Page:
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Parents of diabetic children forced to give up work

Half of primary school diabetic children’s parents must sacrifice work

OnMedica staff

Tuesday, 18 May 2010

Almost half (46%) of primary school pupils with Type 1 diabetes report their parents have had to reduce hours or give up work to help them administer insulin injections, according to a new report from Diabetes UK.

Around a third (29%) of their secondary school counterparts have the same experience, according to the State of diabetes care in the UK 2009 report for which 661 children and young people with Type 1 diabetes were surveyed.

The survey also found that 65% of the primary school pupils questioned and 87% of the secondary school pupils, thought school staff did not have enough training in diabetes.

There are 20,000 children under the age of 15 with Type 1 diabetes in the UK and a 2008 Diabetes UK survey of primary schools in England found 52% of schools have children with diabetes yet 70% of these schools said parents had to come in to administer insulin.

The charity said it was worried about how prepared schools were to help these children for whom misjudged doses of insulin injections can result in hypoglycaemic episodes (hypos) or missed injections resulting in diabetic ketoacidosis (DKA).

Diabetes UK chief executive, Douglas Smallwood, said: “It is completely unacceptable that parents of children with diabetes are forced to forfeit their careers and risk financial hardship because of medical policy failings in schools.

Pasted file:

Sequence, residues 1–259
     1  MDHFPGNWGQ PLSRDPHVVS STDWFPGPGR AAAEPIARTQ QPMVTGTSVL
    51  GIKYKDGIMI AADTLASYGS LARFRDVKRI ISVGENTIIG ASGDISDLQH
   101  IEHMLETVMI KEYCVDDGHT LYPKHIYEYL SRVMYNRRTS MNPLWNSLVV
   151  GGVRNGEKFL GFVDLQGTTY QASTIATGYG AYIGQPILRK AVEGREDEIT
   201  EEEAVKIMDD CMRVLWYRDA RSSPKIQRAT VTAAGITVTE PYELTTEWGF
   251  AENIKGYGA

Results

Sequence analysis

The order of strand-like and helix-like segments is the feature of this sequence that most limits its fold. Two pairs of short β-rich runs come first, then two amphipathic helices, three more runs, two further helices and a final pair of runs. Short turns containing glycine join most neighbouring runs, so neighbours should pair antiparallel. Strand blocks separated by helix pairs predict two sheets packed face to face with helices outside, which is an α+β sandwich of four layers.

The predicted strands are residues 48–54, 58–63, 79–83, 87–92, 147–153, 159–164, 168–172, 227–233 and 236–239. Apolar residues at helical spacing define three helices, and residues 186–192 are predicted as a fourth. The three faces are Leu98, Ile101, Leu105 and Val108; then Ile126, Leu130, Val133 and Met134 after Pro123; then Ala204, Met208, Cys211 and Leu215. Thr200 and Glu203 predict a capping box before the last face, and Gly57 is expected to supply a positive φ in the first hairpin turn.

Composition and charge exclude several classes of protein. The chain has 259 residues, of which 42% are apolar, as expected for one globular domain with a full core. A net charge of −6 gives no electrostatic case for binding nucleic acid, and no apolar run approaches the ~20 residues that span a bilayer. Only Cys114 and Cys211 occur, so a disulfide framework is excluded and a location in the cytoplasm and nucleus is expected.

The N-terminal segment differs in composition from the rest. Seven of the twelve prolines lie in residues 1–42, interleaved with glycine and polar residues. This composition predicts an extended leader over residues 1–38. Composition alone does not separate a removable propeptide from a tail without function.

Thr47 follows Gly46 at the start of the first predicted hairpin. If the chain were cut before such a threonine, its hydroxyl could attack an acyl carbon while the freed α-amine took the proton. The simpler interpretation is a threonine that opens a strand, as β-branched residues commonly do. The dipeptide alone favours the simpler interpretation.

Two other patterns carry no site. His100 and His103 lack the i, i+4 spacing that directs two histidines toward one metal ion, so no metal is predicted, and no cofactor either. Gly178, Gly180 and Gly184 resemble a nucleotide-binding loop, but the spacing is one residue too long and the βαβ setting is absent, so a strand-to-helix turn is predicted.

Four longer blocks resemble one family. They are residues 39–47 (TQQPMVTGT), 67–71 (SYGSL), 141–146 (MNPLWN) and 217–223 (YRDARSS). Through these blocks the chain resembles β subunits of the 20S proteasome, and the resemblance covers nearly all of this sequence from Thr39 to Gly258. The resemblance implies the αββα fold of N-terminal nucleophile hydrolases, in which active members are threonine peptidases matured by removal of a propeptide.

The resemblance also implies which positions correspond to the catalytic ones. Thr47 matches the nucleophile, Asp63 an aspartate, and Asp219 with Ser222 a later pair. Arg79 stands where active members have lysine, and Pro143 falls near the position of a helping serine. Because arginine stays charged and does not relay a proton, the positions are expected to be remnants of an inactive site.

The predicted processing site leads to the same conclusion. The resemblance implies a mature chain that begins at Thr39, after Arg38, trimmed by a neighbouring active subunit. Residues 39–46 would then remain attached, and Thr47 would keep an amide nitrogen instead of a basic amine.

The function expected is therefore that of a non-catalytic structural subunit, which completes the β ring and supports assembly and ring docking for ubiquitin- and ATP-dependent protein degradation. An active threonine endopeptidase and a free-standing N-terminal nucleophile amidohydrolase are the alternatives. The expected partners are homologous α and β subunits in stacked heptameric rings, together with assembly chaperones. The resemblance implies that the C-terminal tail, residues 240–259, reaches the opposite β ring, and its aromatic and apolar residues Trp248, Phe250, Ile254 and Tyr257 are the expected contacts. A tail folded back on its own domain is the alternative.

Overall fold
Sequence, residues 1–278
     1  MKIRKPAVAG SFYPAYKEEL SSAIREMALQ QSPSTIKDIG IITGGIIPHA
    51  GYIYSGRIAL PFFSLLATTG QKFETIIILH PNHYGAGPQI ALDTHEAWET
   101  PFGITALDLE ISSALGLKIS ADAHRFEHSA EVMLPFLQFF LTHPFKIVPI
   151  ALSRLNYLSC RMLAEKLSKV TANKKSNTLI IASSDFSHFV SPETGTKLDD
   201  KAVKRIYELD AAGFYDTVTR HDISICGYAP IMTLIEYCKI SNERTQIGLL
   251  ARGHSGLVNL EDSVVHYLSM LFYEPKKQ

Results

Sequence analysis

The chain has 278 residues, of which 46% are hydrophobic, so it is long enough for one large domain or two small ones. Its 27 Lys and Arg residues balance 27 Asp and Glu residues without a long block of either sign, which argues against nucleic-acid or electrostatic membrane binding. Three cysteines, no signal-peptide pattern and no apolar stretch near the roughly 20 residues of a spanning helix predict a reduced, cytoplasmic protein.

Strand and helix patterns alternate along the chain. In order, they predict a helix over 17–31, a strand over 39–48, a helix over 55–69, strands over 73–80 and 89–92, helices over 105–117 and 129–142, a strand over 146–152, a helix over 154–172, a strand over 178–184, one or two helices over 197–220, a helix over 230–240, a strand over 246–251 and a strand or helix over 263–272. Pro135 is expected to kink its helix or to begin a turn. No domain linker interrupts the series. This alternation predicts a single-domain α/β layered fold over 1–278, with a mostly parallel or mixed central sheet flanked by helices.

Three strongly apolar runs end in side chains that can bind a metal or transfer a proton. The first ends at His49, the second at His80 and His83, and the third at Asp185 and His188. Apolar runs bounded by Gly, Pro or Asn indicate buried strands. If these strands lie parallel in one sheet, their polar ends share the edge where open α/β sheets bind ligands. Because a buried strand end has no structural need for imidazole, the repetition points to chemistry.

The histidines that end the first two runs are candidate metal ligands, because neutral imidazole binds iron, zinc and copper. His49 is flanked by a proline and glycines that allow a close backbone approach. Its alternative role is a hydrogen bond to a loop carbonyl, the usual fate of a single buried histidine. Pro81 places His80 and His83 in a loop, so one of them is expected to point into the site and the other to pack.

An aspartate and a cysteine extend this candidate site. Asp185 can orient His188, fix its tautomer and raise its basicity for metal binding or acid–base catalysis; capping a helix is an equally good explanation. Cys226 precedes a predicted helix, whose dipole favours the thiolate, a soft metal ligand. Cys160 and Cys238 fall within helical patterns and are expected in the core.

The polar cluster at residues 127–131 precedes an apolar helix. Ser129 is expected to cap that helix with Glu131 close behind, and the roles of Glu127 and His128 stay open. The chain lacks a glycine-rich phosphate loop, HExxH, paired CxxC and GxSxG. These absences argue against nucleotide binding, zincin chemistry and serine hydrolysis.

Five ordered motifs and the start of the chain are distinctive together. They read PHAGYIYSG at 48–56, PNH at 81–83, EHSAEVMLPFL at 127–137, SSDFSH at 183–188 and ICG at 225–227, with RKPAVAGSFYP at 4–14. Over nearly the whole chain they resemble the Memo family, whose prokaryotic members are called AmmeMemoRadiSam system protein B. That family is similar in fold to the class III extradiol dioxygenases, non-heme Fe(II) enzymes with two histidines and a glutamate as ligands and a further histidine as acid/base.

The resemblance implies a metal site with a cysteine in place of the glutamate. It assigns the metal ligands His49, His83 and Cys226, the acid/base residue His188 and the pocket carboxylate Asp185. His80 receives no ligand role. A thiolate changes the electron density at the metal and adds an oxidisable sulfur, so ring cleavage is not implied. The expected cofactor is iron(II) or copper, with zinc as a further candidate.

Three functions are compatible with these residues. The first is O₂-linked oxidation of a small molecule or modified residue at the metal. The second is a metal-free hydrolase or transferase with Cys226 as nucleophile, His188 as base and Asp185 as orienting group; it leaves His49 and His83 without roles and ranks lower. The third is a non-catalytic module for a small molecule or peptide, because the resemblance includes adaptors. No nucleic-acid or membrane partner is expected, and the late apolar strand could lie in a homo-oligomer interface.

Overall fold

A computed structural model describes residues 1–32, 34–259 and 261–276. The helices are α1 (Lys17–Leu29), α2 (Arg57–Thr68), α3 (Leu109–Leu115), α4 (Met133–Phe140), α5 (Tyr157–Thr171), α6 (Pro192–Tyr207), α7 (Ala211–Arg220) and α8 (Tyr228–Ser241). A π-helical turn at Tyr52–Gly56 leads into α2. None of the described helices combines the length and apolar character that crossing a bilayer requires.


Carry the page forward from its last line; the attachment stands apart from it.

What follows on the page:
“It is vital pupils have the correct support to control their condition within the school setting if they are to protect their short- and long-term health.”

Mr Smallwood referred to the recent death of Stockport pupil Sam Linton, who had asthma, as an example illustrating the need for the new government to address the “long-standing failings” in support of children with long-term medical conditions in UK schools.

“There is currently a postcode lottery with regard to effective partnerships between schools, local authorities and primary care organisations,” he said.

“There are pockets of good practice but this must spread throughout the country to avoid children’s health, quality of life and education being irreparably damaged.”

Diabetes UK said it was concerned that without a statutory duty on schools and PCTs, adequate support and full inclusion for pupils with diabetes and other long-term conditions would remain a lottery.

The charity called on the government to ensure children with diabetes were recognised as a vulnerable group, and that appropriate support was provided by fully trained staff so the revised Managing Medicines in Schools and Early Years Settings document should be published as soon as possible and sent to all schools.

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